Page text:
Imagine a job where you get to travel the world, explore deserted islands and make regular trips beneath the surface of the ocean, each day bringing new adventures and experiences. Well, that’s the day-to-day life of David Ochoa, a world-based travel cinematographer.
As a free-spirited kid, David spent a fair share of his time outdoors and had many underwater encounters with creatures of the sea, including whales, much to the disbelief of others. “You know, fishermen’s stories”, says David. Those very tales (pun intended) were his motivation to get his first underwater camera, way before the arrival of GoPros. “I wanted to share the experiences I was having with the people around me. [It was] as simple as that.”
It wasn’t long before his adventures became a passion and lifestyle, and capturing the beauty of animals and environments by telling relatable stories became his goal. “Just showing what was happening was not enough anymore. I wanted people to feel what I was feeling…”, he says. “I know it’s a big task and that’s why I look forward to spending all my life chasing something that, in its essence, will always be out of reach.”
We asked David what motivates him, and his response is nothing short of inspiring: “Doing what I love the most with nice people around me. That’s my motivation. I don’t want to be rich and I really don’t care much about materialistic things… well, maybe except my cameras. I love travelling and to explore remote places, preferably underwater. That’s really what makes me feel alive. The other passion is to share those experiences by documenting them in my own way. I believe if your job allows you to travel and be creative, you’ll never get bored.”
From waking up before sunrise for a day of underwater filming to embarking on freediving adventures and guiding spearfishing trips, for David, no two days are the same. His most memorable adventure to date comes from a trip to Cape Verde, where he had a near death experience while exploring deserted islands. “We met a group of local fishermen and agreed to go with them to Ilheu Raso… we sailed for one full day on a tiny wooden boat with a sail made out of rice bags”, he told us.
They were 30 miles from the shore with no communication signal and the closest thing they had to a harbour was a 6-metre high wall full of sea urchins and cutting edges, giant waves constantly crashing in.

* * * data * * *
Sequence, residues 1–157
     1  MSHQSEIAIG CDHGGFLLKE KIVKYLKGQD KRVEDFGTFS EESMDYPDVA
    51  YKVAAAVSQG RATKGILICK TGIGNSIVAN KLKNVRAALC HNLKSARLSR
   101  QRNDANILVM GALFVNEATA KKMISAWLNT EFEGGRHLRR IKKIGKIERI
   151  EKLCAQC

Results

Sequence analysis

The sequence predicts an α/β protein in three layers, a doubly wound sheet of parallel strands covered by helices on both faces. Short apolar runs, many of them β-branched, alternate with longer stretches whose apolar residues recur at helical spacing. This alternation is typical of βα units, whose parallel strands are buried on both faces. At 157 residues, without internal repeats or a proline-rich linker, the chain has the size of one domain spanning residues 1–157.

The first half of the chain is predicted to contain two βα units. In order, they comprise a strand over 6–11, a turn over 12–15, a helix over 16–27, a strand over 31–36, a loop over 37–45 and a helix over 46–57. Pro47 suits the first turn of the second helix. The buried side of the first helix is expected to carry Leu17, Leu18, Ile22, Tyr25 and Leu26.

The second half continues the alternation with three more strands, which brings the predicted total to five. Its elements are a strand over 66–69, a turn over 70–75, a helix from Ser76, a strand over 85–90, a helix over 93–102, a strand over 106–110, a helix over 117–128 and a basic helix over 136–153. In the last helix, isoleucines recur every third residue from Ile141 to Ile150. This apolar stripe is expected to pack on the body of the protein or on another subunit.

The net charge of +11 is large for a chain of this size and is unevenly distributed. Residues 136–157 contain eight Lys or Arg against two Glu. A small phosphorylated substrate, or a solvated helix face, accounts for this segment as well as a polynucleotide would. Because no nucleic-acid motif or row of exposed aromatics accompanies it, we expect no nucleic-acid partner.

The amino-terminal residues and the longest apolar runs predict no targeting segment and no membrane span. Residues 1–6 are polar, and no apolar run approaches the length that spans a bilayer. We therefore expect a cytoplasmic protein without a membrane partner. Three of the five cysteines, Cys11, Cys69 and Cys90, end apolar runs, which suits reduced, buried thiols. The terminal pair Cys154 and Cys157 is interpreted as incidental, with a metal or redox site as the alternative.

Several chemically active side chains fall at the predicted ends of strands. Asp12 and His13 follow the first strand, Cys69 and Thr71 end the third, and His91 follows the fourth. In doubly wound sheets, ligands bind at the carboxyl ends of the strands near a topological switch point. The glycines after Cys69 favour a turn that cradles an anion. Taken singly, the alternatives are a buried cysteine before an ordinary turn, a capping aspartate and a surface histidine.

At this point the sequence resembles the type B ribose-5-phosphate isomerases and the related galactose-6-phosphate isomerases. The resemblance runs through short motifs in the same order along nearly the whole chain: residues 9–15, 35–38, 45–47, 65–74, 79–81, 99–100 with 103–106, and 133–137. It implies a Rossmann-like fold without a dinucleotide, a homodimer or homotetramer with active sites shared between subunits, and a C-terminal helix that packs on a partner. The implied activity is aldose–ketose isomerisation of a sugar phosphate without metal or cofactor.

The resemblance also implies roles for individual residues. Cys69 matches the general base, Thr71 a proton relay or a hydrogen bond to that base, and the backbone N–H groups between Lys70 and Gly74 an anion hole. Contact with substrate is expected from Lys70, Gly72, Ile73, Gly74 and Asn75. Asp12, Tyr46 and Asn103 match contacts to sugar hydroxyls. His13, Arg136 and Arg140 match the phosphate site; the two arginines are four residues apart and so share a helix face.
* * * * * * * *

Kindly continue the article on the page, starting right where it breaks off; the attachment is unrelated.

“On the 5th night, at 2am, the swell got really big and it broke the three anchor lines that were holding the boat to the bottom. There wasn’t any light and the waves were huge. If you were close to the edge when the big sets came you could easily die”, recalls David “… there’s something special about staying in a remote place and surviving with what nature provides.”
On his expeditions, David does his best to travel as lightly as possible, packing only the essentials: his free-diving gear and photography kit, made up of his underwater housing, a small Sony A7SII and a selection of lenses, all of which fit perfectly into his 1535 Peli case. “I carry my camera to some harsh places”, he says, “and, to be honest, at the beginning I was a bit scared to push my 1535 case too much. When I first arrived in Madagascar, I had to put all my gear inside a kayak…”, he says.
With the waves coming in strong, David knew there was a chance his kayak would flip with everything inside. “… that actually happened but all my gear was 100% safe. It’s great to know that I can bring my cameras and lenses on the boat and walk around with them knowing that my gear is safe.”
David’s “cheesy, cliché” advice to aspiring travel photographers is to do what you love and just put the time and work in. “I understand that I might have to sacrifice some things in order to pursue what I love the most and it all comes down to that. Just how bad do you really want to do what you love? This applies not only to this line of work but to everything in life I guess.”
His next adventure takes him to New Zealand, where he’ll no doubt be filming some beautiful locations and capturing underwater encounters with sharks and orcas, while also filming a short story on why spearfishing is the most selective and sustainable way of harvesting your own food.